Left-handers against the Kansas City Royals: Like the Pirates, the Royals aren't a power-laden lineup, and it doesn't help that they're seemingly platooning Mike Moustakas and Cheslor Cuthbert at third base. The Royals usually roll out Alex Gordon at leadoff and Eric Hosmer batting third against a lefty; neither player is especially productive against a lefty. What's more, this team has a 23.3 percent strikeout rate thus far, noticeably higher than the league's average (21.8), and while the small-sample caveat applies, the Royals' team strikeout rate during the second half of 2016 was right in line with the league's average. Whatever happened to this contact-oriented offense? It's especially susceptible to lefties in games at Kauffman Stadium, an awful park for power. Typical lineup: Gordon LF, Lorenzo Cain CF, Hosmer 1B, Salvador Perez C, Cuthbert 3B, Paulo Orlando RF, Jorge Soler DH (when healthy), Alcides Escobar SS, Christian Colon/Raul Mondesi 2B.
Milwaukee Brewers road games (i.e., when they're the ones traveling): This lineup might have plenty of exciting fantasy names in it, like Ryan Braun, Keon Broxton, Jonathan Villar and Domingo Santana, but it also has a lot of strikeouts in it. These Brewers led the majors with a 25.5 percent strikeout rate in 2016, and they lead so far in 2017 with a 28.3 percent rate. Take them out of Miller Park -- one of the more favorable hitters' environments and an excellent one for power -- and they're a much less scary starting eight. Typical lineup: Villar 2B, Eric Thames 1B, Braun LF, Travis Shaw 3B, Santana RF, Broxton CF, Jett Bandy C, Orlando Arcia SS.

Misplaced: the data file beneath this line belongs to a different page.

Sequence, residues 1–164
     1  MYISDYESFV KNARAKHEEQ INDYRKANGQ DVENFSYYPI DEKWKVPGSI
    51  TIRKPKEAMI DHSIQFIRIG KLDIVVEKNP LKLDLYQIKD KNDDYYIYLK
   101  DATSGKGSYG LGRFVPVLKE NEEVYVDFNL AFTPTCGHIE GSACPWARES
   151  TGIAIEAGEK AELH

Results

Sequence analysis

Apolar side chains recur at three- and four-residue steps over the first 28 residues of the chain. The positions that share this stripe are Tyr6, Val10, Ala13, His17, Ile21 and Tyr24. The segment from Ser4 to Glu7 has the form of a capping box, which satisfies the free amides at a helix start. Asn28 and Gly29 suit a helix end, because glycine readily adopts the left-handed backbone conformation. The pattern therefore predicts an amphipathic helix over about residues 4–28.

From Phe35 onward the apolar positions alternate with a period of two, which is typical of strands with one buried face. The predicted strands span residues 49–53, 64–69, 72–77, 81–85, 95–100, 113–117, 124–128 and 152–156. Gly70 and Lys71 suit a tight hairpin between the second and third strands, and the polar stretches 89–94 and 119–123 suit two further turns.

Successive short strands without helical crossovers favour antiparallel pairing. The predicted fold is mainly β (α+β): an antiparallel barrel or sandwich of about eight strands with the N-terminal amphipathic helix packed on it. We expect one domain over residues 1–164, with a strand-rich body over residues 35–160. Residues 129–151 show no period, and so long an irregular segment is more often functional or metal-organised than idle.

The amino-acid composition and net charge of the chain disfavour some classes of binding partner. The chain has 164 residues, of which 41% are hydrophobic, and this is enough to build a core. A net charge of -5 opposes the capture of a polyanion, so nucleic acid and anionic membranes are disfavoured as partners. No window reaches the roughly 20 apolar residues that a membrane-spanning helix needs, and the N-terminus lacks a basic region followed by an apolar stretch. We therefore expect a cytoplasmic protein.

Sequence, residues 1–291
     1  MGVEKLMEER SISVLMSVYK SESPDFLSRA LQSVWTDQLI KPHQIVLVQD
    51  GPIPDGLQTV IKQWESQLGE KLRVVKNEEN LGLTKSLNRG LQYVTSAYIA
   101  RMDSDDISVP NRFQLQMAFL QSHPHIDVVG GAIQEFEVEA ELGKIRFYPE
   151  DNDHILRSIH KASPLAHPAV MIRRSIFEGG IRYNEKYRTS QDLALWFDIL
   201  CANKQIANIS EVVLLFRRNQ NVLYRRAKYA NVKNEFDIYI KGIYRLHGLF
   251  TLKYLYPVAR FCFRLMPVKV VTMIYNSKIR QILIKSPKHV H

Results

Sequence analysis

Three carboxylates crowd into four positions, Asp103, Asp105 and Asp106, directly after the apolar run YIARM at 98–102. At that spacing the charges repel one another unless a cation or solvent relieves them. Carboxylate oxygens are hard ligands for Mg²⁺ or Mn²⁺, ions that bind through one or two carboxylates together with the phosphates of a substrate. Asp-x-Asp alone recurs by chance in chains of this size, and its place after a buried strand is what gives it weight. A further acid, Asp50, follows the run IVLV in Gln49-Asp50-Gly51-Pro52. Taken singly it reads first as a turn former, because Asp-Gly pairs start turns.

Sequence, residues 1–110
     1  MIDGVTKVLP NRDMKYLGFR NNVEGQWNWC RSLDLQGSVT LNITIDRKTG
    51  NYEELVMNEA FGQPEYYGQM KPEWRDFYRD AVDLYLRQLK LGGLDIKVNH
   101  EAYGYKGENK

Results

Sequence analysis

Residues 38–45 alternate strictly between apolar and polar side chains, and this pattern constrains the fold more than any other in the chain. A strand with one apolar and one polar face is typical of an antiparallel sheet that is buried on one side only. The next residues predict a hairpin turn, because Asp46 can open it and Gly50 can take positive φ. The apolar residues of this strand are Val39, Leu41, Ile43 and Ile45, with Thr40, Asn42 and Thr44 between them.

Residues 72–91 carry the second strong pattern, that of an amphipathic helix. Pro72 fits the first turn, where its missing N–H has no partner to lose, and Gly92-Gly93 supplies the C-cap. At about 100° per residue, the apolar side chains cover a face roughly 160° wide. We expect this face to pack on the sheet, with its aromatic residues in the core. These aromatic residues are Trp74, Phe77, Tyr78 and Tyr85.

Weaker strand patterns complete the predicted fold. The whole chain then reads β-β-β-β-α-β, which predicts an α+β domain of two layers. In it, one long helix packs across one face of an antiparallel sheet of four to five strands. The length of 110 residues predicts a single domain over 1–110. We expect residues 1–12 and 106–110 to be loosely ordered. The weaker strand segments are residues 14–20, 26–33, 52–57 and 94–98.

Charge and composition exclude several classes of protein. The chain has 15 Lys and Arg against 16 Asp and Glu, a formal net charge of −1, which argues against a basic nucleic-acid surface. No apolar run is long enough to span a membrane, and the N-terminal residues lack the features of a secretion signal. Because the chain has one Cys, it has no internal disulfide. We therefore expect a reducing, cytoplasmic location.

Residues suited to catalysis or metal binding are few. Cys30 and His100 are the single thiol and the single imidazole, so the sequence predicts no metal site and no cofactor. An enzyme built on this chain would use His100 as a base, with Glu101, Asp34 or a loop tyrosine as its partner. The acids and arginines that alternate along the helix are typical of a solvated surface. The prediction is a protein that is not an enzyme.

Matchups to fear
Visiting Great American Ball Park: The Cincinnati Reds averaged 4.76 runs per game at home during the second half of 2016, 10th-best in the majors and well above the league average (4.55), and they're a headache on the base paths now that they've got Billy Hamilton and Jose Peraza occupying the top two spots in their lineup. This is a poor matchup particularly for pitchers weak at holding runners on, or for fly ballers. Typical lineup: Hamilton CF, Peraza 2B, Joey Votto 1B, Adam Duvall LF, Eugenio Suarez 3B, Scott Schebler RF, Zack Cozart SS, Tucker Barnhart C.
Miami Marlins road games: The caveat here should read, "For so long as they're healthy," as Giancarlo Stanton and Marcell Ozuna can be scary power sources when they're in the lineup. Getting this team out of pitching-friendly Marlins Park grants them an uptick offensively, especially in parks that are neutral-to-hitting-friendly. It'll only help matters when Martin Prado returns, as the team can mix and match at the corners between Justin Bour and Derek Dietrich. Typical lineup: Dee Gordon 2B, J.T. Realmuto C, Christian Yelich CF, Stanton RF, Bour 1B, Ozuna LF, Dietrich 3B, Adeiny Hechavarria SS (when healthy).